Anyone Still Doubt Jon Stewart’s Influence?

Don’t let the fact that The Daily Show is — first and foremost — a comedy series lull you into a false sense of security. Jon Stewart can kick some serious ass, as ably demonstrated on last Friday’s Crossfire with Tucker Carlson and Paul Begala.

And at this point, neither the right nor the left is particularly happy about it. Or, at least, so their alleged “spokespeople” (i.e., the other hosts of Crossfire, James Carville and Robert Novak) would have us believe. Out in the blogosphere (not that that’s any more representative of the real world), it would appear that the left-leaners are singing Stewart’s praises while the right-wingers are (shocker!) deriding Stewart as an unfunny hypocrite — while (for the most part) grudgingly admitting that Stewart’s point is substantively correct.

Was Stewart harsh? Sure — and my hat’s off to him for being so. The very notion that our media has a duty to present “balance” as opposed to “truth” is patently ludicrous — a position that, thankfully, is starting to gain some traction. But even so, a forum dedicated to simple screaming matches is hardly debate, balanced or otherwise.

Of course, you can check out the Post’s recap of the event of just watch the video for yourself. While you’re at it, don’t forget to give Stewart’s commencement address at William and Mary a listen (or at least a read, given that the audio no longer appears to be available), and whatever you do, you must pick up a copy of America (The Book): A Citizen’s Guide to Democracy Inaction. Just like its parent television program, probably the most informative treatment of American politics available today. (The audiobook edition’s also worth a listen, though it is — by necessity — a substantial abridgment.)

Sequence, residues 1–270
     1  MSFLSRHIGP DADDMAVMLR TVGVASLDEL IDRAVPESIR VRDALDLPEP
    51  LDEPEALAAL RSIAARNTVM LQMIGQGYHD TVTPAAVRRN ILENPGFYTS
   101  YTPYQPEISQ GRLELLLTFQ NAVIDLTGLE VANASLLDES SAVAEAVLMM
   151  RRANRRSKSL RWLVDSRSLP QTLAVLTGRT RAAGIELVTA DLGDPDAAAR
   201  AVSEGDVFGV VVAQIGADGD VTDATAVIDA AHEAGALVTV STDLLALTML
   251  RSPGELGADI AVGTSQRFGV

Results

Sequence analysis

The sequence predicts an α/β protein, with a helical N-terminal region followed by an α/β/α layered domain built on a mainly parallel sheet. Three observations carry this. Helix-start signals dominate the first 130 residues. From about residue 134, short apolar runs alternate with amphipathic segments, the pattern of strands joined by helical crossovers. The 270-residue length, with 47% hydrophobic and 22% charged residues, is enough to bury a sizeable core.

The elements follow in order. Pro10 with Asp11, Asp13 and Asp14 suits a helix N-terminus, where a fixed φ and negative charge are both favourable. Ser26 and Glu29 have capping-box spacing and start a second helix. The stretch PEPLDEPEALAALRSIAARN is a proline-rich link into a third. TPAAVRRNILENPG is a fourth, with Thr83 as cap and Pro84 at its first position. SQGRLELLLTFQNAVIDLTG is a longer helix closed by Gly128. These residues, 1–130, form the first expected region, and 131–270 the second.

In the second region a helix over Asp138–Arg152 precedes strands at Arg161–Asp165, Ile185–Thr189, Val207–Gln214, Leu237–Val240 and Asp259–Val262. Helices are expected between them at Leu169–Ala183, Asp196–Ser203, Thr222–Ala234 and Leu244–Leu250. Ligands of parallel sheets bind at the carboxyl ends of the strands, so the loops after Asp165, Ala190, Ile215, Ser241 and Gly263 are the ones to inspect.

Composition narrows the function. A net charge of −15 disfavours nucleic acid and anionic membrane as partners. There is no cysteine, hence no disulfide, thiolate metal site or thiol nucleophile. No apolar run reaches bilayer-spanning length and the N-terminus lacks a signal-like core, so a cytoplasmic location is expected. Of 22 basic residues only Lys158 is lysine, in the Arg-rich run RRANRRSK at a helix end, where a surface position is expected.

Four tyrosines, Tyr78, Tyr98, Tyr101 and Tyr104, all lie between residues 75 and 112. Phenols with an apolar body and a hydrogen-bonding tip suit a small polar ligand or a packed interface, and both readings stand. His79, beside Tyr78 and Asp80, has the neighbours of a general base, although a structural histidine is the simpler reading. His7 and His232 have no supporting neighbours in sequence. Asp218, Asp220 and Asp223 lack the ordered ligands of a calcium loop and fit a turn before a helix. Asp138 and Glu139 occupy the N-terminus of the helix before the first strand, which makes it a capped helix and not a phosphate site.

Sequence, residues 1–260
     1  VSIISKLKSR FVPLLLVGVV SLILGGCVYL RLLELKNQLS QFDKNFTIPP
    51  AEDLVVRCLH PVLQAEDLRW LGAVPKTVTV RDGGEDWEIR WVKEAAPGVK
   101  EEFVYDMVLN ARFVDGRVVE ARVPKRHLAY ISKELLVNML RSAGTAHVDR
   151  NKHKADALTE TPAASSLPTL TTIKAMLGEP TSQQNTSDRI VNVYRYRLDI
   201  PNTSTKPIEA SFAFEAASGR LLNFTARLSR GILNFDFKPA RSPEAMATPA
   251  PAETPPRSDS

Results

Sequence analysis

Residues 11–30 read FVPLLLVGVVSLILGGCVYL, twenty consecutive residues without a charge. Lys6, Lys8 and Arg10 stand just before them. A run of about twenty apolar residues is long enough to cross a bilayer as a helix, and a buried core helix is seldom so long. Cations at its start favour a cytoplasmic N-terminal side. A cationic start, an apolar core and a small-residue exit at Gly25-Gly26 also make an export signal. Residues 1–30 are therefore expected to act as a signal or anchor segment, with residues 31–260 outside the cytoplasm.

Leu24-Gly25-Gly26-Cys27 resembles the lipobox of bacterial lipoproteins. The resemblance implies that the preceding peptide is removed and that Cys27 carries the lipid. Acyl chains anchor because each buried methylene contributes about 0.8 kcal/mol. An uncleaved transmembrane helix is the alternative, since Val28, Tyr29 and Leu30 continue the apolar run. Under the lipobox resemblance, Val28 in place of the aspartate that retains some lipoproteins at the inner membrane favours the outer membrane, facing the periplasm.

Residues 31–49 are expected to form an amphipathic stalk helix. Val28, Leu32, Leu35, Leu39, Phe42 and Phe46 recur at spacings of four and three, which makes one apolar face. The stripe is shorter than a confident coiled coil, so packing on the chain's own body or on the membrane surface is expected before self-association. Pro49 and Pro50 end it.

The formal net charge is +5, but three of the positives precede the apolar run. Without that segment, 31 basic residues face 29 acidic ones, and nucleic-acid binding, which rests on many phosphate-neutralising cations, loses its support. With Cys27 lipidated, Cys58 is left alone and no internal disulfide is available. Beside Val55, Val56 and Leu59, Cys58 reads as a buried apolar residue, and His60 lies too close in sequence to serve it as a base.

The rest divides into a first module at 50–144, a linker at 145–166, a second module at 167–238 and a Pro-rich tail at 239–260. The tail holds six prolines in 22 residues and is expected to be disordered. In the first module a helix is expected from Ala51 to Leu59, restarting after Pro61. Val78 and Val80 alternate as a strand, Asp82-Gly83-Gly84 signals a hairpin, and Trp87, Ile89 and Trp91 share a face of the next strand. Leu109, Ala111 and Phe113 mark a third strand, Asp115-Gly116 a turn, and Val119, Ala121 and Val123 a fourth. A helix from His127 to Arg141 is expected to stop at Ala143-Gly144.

If they gave this book to high school students, I’d be willing to bet they’d actually learn something, as opposed to just parroting back meaningless historical trivia for a test. (Never happen, of course — at the very least, the infamous naked pictures of the Supreme Court justices will see to that.)

But then a well-informed populace is probably the last thing any political spin-meister — left or right — truly wants.


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